As can be best seen in FIGS. 4 and 5 of the drawings, a torsion spring means in the form of an elastomeric spring 41 is rotatably mounted on a horizontally-extending rod 43 for twisting movement about the horizontal axis defined by the rod 43. The rod is supported on the side walls 17 of the housing and is secured against longitudinal displacement by a conventional E-clip (not shown) which snaps into a groove formed in one end of the rod located outwardly of a side wall 17 of the housing 15. This end of the rod is smaller, non-circular in cross-section and fits in a mating non-circular hole in the housing wall 17 to prevent rotation of the rod.
The elastomeric spring includes a sleeve 45 molded of a rubber-like elastomeric material having a hollow axial core or passage 47 which receives the rod 43. A metal sleeve 49 fits inside the hollow axial core of the elastomeric sleeve and the ends of the sleeve are closed by metal end caps 51 and 53, which are fastened thereto. Each end cap has a central circular opening 55 to accept a bronze bushing 57 which receives and supports the rod 43. As is conventional, the elastomeric sleeve 45 is molded around the metal sleeve 49 and between the end caps 51 and 53. The spring 41 is manufactured by The B. F. Goodrich Company and is designated as a TORSILASTIC® spring.
The metal end cap 53 has an arm 59 formed integrally therewith, and this arm has a surface which extends non-radially relative to the rod 43 of the elastomeric spring. At the distal end of the arm is a block 63 forming an axially inwardly extension having a cam surface 61. A tubular metal shell 65 is molded to the exterior surface of the elastomeric sleeve 45. In other words, the arm 59 and its metal sleeve 49 are operatively adhered to the inner surface of the elastomeric sleeve 45, while the shell 65 is operatively adhered to the outer surface of the elastomeric sleeve so that torsion forces act on the inside and outside of the elastomeric sleeve.
The tubular metal shell 65 is formed with a longitudinally-extending gap 67 formed therein, with the gap having a circumferential extent of about five degrees. After the elastomeric compound is molded between the outer metal shell 65 and inner metal sleeve 49 and allowed to cool, the gap is closed by tightening socket screws 69 to leave only a slight bulge of elastomer clamped between the edges of the shell. The clamping of the solidified elastomeric spring compound compresses the elastomer to provide the advantages referred to in U.S. Pat. Nos. 2,409,500; 2,609,194 and 2,621,923, issued to The B. F. Goodrich Company.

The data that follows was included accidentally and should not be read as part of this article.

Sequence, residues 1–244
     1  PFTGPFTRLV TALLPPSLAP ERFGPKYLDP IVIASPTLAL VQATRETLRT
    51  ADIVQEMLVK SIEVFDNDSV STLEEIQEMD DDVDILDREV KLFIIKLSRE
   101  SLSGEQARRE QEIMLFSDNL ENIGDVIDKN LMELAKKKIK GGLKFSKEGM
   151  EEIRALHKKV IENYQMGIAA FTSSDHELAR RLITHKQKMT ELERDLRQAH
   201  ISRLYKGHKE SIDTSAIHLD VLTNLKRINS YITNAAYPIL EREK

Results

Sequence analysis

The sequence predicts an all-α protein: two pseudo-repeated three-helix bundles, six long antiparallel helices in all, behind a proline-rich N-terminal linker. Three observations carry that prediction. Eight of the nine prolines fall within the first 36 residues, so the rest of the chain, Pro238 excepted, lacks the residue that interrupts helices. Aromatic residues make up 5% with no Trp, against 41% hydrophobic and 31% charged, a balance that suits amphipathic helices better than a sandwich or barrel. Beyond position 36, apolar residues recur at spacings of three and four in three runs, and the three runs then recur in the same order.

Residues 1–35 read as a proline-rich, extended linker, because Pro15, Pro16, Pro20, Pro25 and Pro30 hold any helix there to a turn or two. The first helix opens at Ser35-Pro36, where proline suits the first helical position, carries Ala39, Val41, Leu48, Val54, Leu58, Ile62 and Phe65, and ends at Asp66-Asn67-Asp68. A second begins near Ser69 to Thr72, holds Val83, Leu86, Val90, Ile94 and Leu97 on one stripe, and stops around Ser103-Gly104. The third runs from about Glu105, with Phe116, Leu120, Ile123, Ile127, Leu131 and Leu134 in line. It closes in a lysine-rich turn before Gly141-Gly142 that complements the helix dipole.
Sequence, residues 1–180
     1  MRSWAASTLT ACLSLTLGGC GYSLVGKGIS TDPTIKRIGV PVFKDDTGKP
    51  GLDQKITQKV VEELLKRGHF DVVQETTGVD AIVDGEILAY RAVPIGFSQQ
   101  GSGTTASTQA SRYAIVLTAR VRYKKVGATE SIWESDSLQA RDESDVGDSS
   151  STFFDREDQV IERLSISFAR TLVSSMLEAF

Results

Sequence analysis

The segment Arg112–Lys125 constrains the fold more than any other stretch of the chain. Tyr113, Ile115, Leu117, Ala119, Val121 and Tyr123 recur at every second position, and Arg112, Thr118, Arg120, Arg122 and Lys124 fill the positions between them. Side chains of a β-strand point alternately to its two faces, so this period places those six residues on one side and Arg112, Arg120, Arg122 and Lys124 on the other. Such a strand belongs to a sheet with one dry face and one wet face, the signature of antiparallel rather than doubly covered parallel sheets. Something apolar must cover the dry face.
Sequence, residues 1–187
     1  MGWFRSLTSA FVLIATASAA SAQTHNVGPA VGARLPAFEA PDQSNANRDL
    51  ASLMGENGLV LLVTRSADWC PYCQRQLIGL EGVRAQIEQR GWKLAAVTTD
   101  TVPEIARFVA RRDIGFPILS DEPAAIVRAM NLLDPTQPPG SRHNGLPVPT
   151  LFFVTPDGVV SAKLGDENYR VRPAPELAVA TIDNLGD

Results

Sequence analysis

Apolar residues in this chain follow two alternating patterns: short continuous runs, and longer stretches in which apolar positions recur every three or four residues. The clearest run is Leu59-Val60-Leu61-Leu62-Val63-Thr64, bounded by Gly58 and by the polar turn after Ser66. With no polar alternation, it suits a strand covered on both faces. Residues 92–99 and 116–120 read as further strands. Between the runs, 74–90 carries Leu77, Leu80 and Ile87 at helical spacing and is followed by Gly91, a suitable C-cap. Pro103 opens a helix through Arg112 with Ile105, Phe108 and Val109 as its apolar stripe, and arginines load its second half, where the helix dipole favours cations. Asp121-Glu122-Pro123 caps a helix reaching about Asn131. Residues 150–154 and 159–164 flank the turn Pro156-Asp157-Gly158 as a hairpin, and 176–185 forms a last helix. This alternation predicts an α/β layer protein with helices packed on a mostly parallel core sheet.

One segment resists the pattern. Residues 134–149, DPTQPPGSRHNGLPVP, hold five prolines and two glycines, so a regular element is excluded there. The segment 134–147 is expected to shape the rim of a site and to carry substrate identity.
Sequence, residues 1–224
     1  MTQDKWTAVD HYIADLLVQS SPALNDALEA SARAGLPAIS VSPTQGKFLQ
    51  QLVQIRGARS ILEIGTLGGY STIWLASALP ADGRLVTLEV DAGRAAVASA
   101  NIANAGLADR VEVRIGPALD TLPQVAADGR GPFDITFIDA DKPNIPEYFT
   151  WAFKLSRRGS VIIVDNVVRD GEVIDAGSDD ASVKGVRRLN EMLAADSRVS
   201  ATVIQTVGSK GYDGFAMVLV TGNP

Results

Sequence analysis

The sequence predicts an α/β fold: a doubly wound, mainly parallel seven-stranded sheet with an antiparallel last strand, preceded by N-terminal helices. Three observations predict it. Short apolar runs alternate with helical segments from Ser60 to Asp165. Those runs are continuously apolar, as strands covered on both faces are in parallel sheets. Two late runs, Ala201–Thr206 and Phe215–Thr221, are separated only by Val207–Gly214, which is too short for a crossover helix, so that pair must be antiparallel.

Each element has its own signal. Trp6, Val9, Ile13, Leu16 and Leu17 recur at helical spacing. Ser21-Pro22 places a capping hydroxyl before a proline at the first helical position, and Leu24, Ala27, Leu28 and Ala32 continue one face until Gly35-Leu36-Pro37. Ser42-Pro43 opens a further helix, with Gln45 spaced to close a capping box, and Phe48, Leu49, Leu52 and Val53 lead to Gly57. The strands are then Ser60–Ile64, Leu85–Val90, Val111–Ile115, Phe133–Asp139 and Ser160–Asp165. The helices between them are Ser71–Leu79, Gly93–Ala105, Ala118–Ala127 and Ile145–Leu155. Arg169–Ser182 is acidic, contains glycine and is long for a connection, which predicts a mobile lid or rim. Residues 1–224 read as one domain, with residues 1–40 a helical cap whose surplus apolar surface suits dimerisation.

A seat pivot tube 71 is located near the front end of the housing 15 above the elastomeric spring 41 and is pivotally mounted for rotation about a rod 73 which is supported on and extends horizontally between the side walls 17 of the housing. A groove is formed in one end of the rod 73 which extends outwardly of the housing 15 to receive a conventional E-clip to secure the rod against longitudinal displacement in the manner explained for rod 43. Bronze bushings 74 are force fitted into the ends of the tube 71 to provide bearing surfaces for the rod 73. Welded to the seat pivot tube 71 is a generally upstanding bracket 75. Near its upper end, the bracket 75 receives and is welded to a stretcher tube 77. The ends of the stretcher tube, which are not shown in the drawings, are attached to the underside of a chair shell, which also is not shown. A modified piece 79 of square steel tubing is welded at one end to the rear side of the seat pivot tube 71 and to the bracket 75. A cam roller 81 is journaled on a shaft 83 mounted on and extending between the side walls 85 of the square tubing near the free end 87 thereof. The side walls 85 and the bottom wall 89 of the square tubing are cut away at the free end 87 to allow the cam roller 81 to engage and ride on the cam surface 61 of the block 63 of the elastomeric spring arm 59 to bias the seat pivot tube 71 in a clockwise direction, as viewed in FIG. 1 of the drawings. This clockwise rotation of the seat pivot tube tilts the chair seat forward. For production quantities, it may be desirable to form the piece 79 from a blank of metal which is properly cut, scored and bent rather than to modify a piece of square tubing in the manner previously described.